Snapchat currently holds the lead in active AR usage among consumer-AR providers. That includes more than 142 million daily active AR lens users, 15 billion lifetime lens engagements, and 500,000 lenses created. Snapchat users also activate AR lenses 30x per day on average.

Given that leading position, Snap’s tactics are ripe for examination to draw out transferable lessons. Just as we’ve mentioned in light of Pokemon Go, Snapchat is doing the AR industry a favor by large-scale experimentation to uncover user demand signals and formats that work.

Along those lines, Snap’s Carolina Arguelles gave a monster presentation at AWE Europe (video below) which we’ll cover in three parts. It’s packed with lessons for anyone working in AR product development, or consumer-facing brands that want to use AR to engage customers.

Camera-First

Much of Snap’s AR success traces back to its focus on the camera. This foundational principle makes Snap natively primed for AR. Beyond that groundwork, it’s executed well and leaned into AR as a core use case. Seeing financial results, it’s spent the last year doubling down on AR.

Cameras have changed so much over the last few decades from this clunky hardware that you wear around your neck to basically a piece of software,” said Arguelles “It’s really the lens of a camera that gives you the window into human experience. It can connect the physical world with the power of the Internet… So our strategy and our focus with the camera is all about how we bring [it] into this new era and allow this future of computing overlaid of the world.”

To get there, Arguelles delineates three pillars of Snap’s AR strategy: Access, Adoption and Content. Starting with access, it’s all about mobile. Though Snap is planting seeds for a wearables future (more on that in part 2), the near term play is all about smartphone ubiquity.

If you look at the change from 2008’s 220 million smartphone owners to today’s 2.8 billion, [that’s] a huge increase… The reason that’s important is because accessibility completely changed. And while we were talking about AR ten years ago, it didn’t come to life because actually being able to render AR from an everyday consumer standpoint was extremely difficult. But now everyone has a camera in the palm of their hand throughout the entire day.”

Camera-Forward

Further amplifying AR’s accessibility is the smartphone camera’s innovation cycles. It’s now arguably the main feature of today’s smartphones in terms of the marketing and points of differentiation in iPhones and Android’s flagship Pixel line. This lays the foundation for AR.

The thing about Apple is that they don’t just have it as a feature, they prioritize the camera. If you look at just how the phone looks and the fact that there’s a shortcut to the camera, shows how the camera is prioritized. And when we think about consumer adoption of AR — and we know that the camera is the first step into getting into an AR experience — we need to prioritize how quickly someone can jump into that experience… That’s core to our platform. We say we’re a camera company, and what we mean is we believe the camera is more than taking photos… When you open up Snapchat, it opens straight to the camera.”

This may seem trivial but is a key component of Snapchat’s AR success. Camera access reduces friction in getting to AR, compared to other social media where it’s discovered in a feed. The result is 3.5 billion snaps per day, and 250 million minutes interacting with AR daily.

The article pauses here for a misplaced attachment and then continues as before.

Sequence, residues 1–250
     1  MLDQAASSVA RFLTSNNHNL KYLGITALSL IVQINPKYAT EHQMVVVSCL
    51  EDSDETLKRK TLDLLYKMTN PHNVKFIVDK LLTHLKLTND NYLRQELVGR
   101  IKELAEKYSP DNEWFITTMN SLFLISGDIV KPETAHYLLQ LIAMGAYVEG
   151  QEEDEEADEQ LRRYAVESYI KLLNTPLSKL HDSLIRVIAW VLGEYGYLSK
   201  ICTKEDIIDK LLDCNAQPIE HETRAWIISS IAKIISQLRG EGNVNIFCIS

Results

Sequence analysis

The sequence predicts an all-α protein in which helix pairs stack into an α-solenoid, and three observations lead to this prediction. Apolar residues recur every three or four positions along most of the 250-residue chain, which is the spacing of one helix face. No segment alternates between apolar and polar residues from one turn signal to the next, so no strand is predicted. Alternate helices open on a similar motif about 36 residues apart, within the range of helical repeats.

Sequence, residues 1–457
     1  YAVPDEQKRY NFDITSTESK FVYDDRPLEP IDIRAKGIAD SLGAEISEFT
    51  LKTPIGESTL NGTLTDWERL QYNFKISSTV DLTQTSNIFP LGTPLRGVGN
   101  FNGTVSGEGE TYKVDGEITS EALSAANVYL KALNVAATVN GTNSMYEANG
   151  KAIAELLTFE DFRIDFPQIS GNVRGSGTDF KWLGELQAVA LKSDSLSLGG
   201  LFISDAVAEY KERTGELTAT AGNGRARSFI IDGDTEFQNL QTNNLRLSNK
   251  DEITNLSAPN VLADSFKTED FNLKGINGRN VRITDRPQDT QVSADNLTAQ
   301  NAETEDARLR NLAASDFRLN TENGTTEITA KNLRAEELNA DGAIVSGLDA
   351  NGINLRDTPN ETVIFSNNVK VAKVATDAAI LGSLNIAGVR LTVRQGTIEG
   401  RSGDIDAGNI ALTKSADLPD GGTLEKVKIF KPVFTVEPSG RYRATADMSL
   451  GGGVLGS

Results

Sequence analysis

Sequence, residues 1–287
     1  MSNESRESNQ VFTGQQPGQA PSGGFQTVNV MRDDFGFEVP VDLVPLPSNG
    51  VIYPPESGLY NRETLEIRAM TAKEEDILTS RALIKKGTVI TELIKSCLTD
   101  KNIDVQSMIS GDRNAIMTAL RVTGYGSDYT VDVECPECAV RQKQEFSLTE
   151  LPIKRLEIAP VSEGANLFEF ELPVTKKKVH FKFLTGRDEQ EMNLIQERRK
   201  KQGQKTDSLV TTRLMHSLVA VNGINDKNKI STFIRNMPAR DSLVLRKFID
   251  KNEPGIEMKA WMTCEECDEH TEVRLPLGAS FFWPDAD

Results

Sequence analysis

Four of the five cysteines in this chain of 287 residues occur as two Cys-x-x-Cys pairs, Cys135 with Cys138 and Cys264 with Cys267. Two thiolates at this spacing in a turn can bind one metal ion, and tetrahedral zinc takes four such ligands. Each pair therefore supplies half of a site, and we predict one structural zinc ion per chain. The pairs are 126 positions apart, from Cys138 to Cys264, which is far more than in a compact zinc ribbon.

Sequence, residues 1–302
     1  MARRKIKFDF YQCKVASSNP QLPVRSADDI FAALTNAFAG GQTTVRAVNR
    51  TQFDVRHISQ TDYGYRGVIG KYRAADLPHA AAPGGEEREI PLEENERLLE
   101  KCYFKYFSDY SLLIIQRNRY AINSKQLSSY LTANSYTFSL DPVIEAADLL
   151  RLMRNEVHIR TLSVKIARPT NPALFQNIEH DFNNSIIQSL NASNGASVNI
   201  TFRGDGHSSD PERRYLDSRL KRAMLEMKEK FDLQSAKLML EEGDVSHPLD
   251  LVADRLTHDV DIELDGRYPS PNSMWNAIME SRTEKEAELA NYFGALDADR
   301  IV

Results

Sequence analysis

It’s completely at odds with what you expect when you open up an app which is a feed — which we’ve been trained as people in the digital era. This UX of opening up straight into the camera just feels weird but it’s intentional… because we wanted the mindset within this app to be ‘camera-first’, to be ‘create-first,’ to be ‘look-around’ first… not ‘lean-back,’ and not just ‘consume.’”

Camera-Native

Moving on to the second pillar, adoption, Snap built AR around communication. That compares with AR use cases like gaming and product visualization. As we’ve examined, this is important because communication is inherently a high-frequency use case — a key AR success factor.

All of those use cases are compelling, and I think a lot of companies have done a really good job paving the way… I love IKEA… but I don’t shop at IKEA every day. So when we think about this future that people talk about that AR is everywhere… in order to make that a reality, we have to focus on everyday needs… Communication is the key everyday need that we have decided to build around. [This] is what’s really led to the mass scale that we’re seeing today.”

Drilling down on communication, another factor in Snap’s AR success is leaning into visual messaging. This builds on the progression of phone calls to texting to rich-media. Millennials and Gen Z in particular communicate through images and emoji, rather than words.

We like to call them the ‘camera-native generation’ because they were raised with the camera… They’re as comfortable with a camera as you are with a keyboard…That comfort level is so important to the future of AR really taking off… If you require people to be involved with the camera in order to unlock [AR], you want them comfortable… the underlying behavior shift needs to happen before everything else can layer on top. This generation is that generation… Eventually, more people will because it’s a richer form of communication.”

We’ll be back in Part II to go deeper on Snap’s third pillar of AR success: Content. That’s all about relevance and scale — not new success factors but ones that take on new life in the world of “camera marketing.” Part III will then cover tactical advice. Meanwhile, see the full talk below.

The piece How Snapchat Became AR’s Usage Leader by Mike Boland, Part I first appeared on AR Insider.